What are an employee’s rights regarding a change in their hours?

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What are an employee’s rights regarding a change in their hours?

I was fired from my place of employment after working there for 11 years. My boss suddenly chaged my working hours and demanded that I come in 15 minutes earlier. The problem is that my daughter’s daycare opens 15 minutes before the time she wants me there. Mboss then told me that I had 2 weeks to find a new daycare. I am so upset for this isn’t easy and this is my child who has been going to the same daycare for 2 1/2 years. What are my rights? On my schedule my boss still wrote in for the whole of last month 8:00 am not 7:45 am. Can I fight this? Also, she changes the time that I punch in on the computer. I know that is illegal to do this correct? I feel attacked/discriminated.

Asked on June 24, 2011 under Employment Labor Law, Massachusetts

Answers:

SJZ, Member, New York Bar / FreeAdvice Contributing Attorney

Answered 10 years ago | Contributor

1) As a general matter, unless you have an employment contract to the contrary, specifying your hours or shifts, your employer may change your hours or shift at any time, for any reason, and you have no grounds to fight this. You may be fired for not accepting the change.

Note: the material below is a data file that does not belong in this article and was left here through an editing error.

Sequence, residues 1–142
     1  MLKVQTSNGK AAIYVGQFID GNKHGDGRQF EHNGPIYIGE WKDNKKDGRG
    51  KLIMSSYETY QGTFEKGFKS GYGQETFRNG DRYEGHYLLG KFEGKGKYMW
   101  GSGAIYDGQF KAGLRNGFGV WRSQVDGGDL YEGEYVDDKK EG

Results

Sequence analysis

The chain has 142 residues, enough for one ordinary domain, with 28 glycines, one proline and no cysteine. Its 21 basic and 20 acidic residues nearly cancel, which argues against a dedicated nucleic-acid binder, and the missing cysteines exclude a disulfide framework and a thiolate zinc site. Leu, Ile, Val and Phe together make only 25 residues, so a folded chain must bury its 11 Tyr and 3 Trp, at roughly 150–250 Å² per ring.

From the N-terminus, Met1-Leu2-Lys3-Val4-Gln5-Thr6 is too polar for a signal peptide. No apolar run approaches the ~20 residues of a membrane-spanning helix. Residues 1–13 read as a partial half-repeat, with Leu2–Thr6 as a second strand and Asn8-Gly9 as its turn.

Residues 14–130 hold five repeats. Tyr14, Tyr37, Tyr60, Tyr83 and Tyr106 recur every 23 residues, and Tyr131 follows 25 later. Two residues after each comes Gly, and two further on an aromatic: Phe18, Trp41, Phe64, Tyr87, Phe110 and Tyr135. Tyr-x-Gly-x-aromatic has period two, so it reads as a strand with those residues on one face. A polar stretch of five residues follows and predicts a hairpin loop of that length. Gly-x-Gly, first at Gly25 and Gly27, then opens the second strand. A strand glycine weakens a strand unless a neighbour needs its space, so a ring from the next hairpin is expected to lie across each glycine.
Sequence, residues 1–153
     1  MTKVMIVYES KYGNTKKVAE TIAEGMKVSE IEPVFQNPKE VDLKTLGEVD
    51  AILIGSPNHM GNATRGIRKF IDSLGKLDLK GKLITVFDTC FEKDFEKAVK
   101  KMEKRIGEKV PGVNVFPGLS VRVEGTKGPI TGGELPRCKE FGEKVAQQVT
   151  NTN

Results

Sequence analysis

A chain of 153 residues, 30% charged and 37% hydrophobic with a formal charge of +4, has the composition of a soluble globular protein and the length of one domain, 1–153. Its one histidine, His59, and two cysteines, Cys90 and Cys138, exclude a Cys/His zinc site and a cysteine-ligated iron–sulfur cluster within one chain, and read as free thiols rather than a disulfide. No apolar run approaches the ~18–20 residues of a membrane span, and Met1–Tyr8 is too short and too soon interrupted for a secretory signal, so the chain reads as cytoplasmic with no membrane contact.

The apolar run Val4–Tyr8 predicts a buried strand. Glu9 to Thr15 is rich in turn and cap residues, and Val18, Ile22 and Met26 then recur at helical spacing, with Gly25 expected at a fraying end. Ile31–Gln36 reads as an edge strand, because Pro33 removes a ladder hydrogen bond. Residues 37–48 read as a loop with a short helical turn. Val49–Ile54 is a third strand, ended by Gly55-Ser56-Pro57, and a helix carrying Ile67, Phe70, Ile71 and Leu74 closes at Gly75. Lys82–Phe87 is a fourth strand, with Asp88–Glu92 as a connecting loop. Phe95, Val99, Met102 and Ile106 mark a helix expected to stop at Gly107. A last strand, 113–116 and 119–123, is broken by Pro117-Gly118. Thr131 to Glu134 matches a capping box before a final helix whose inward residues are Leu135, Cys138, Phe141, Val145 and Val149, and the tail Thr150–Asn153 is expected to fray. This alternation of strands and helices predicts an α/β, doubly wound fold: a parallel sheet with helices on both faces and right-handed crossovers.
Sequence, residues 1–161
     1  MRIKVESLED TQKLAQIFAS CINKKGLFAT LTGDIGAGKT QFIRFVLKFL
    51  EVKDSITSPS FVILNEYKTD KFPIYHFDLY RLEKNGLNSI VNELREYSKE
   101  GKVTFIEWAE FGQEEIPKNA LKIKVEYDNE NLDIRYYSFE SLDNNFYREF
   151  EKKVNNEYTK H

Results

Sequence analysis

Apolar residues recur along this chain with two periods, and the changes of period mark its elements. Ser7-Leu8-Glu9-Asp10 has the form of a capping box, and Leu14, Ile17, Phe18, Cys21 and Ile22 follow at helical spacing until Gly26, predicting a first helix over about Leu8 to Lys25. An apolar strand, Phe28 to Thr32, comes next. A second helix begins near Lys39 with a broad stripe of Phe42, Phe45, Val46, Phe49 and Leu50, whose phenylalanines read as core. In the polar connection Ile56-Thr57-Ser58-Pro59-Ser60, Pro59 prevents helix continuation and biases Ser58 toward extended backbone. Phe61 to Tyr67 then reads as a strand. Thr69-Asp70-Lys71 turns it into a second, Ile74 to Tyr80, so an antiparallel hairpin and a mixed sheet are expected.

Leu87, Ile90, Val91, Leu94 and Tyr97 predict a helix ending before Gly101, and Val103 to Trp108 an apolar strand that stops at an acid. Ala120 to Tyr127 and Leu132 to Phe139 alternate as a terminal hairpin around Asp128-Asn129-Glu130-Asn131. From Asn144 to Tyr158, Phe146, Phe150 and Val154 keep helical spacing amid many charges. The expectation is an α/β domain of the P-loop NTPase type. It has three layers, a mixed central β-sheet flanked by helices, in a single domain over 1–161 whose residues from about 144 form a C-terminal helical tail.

2) An employer may not change an employee's time record; the time record must accurately reflect the hours worked. However, if the change is not actually costing you money (e.g. your still being paid what you should be paid, just that the hours are recorded for a slightly different shift), then while the employer is breaking the law, there effectively is nothing for you to sue for--you haven't been injured. On the other hand, if you have been deprived of income (i.e. not paid for all time worked), then you may have a valid legal claim. Or if you were fired because you complained about this illegal practice, you may have a legal claim, too.

3) Employers may not discriminate against certain protected categories--e.g. against women, against employees over the age of 40, against religious or racial groups, against the disabled. That does not mean they can't take negative action against, say, a women, however; it just means they can't take negative action *because* she is a woman. But her shift could still be changed for business reasons, the boss's or customer convenience, for performance-related issues, etc. If you feel you have in fact been discriminated against because of your membership in a protected catetory, you may have an employment discrimination claim.


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